Supt. of Money Order Div,, and to officials
of the U. S. Patent Office. For circular, ad
vice, terms and references to actual clients
in your own State of County, write to
C. A. SNOW & CO.
Opposite Patent Office, W ashington, D. C.
Nov. 18th, 1884. 19 tf.
CITY HALL SQUARE, NEW YORK.
Opposite City Hall and the Post Office,
This Hotel is oue of the most complete in its
appointments and furniture of ANY HOUSE
in New xork City, and is conducted on the
Rooms only One Dollar per dav. Half minute's
walk from Brooklyn Bridge and Elevated R. R.
All lines of Oars pass the door. Most conven
ient Hote’in New York for Merchants to stop at.
Dining Rooms, Cafes and Lunch Counter re
plete with all the luxuries at moderate prices.
July 30th, 1886. 3 ly.
Let the Democrats everywhere
unite in making nominations for
all offices and in all cases discounte
nance inde pendentism. If we have
a party let the majority govern. This
is the only sound and safe rule.
New York papers represent busi
ness men as being cheerful and en
couraged with the condition of trade.
The prospect ot a general revival of
trade is good and encouraging.
John Esten Cooke, the famous
southern author, died ou the 27th
ult., at his home near Ferdericksburg,
Va. “Surry of Eagle’s Nest,” and his
other works, will perpetaate his mem
ory in the minds of all lovers of good
Mr. John T. Waterman, late of the
Griffin Sun, has bought an interest
in the Atlanta Evening Capitol.—
He will take the place of Col. Avery,
who recently resigned on account of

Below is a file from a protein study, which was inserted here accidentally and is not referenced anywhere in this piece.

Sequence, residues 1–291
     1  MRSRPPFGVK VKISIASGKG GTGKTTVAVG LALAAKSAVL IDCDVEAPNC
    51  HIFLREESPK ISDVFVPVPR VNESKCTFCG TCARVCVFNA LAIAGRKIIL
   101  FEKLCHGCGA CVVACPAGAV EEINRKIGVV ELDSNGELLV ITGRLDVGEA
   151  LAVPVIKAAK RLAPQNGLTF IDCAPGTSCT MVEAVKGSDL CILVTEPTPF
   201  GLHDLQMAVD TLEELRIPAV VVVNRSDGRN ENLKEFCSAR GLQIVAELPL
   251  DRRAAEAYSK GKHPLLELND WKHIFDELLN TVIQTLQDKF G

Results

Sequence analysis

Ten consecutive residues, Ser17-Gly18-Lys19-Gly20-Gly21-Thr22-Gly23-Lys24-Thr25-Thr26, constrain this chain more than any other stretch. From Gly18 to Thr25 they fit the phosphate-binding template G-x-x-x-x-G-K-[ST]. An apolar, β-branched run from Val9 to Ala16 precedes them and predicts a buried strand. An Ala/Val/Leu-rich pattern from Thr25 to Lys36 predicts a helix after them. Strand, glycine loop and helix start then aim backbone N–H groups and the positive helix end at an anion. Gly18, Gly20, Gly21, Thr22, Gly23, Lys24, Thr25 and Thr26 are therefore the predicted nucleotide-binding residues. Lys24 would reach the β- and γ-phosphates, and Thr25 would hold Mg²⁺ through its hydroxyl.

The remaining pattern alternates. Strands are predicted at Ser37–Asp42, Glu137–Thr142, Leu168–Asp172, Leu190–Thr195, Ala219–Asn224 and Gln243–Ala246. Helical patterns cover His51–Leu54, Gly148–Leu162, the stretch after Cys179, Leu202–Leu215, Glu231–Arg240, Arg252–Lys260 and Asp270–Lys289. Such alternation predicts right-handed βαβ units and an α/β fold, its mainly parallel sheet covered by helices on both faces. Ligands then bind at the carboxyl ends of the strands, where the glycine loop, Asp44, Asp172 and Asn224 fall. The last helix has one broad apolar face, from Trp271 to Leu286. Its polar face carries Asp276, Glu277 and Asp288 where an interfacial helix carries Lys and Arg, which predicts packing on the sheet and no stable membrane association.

It is stated that having formally es
tablished and chartered Augusta
Lodges of the Knights of Labor in
Augusta, Mr. Meynardie has left to
attend the general convention of
Knights of Labor at Richmond, Va.
He has planted a trouble in Augusta,
that will not be propitious to laborers
or people generally in that city. This
is our opinion, and time will test its
In Atlanta a few days ago, while
the workmen were raising a stone
weighing several thousand pounds
to the third story of the new capitol
building, it slipped from the grip
pers and fell, crushing to death a Mr.
Larkin, superintendant of the work,
who was standing on the gfound im
mediately under the block. He was
instantly killed, being horribly mu
The Knights of Labor t it seems,
have the control of Chatham. They
have, in the primary meeting nomi
nated a full ticket for the Legislature.
It consists of P. W. Russell, C. P. Ash-
ly and J. W. Wilson, defeating W.
W. Gordon, Col. Reiley and Gazaway
Hartridge. The Knights of Labor
platform was then read and adopted
as the expression of the will of the
Democracy of Chatham. Control of
convict labor, and retention of the
State Road are planks. This looks
revolutionary for old Chatham.
The laboring population have here
tofore been the best citizens of this
country—they have developed our re
sources, enforced our laws, fought our
battles and been the staunchest sup-
? orters of republican government.—
'hey are now in great danger of. be
ing misled by idlers and communistic
foreigners who creep into or exercise
a controling influence in their labor
organizations. Idlers are mischief-
makers the world over, and are active
in all kinds of dissentions and troubles.
They are the natural enemies of the
workingman—they fatten and hi6 sub
stance and poison his mind with the
delusion that honest toil is without
People will buy in the cheapest
markets as a general rule, but is that
the safest way? Would it not be best
to buy at home Instead of going to
Northern and Western markets, even
if the latter offer cheaper terms? Rail
road and other expenses may leave
only a small margin of profit, but the
chief objection is losing the advan
tage of capital at home. Millions of
dollars gent to bther sections for corn,
wheat, meat, flour, and other things,
is bad policy in the long run. Raise
them at home even if there is an ap
parent fraction of gain by sending
abroad for them. By proper atten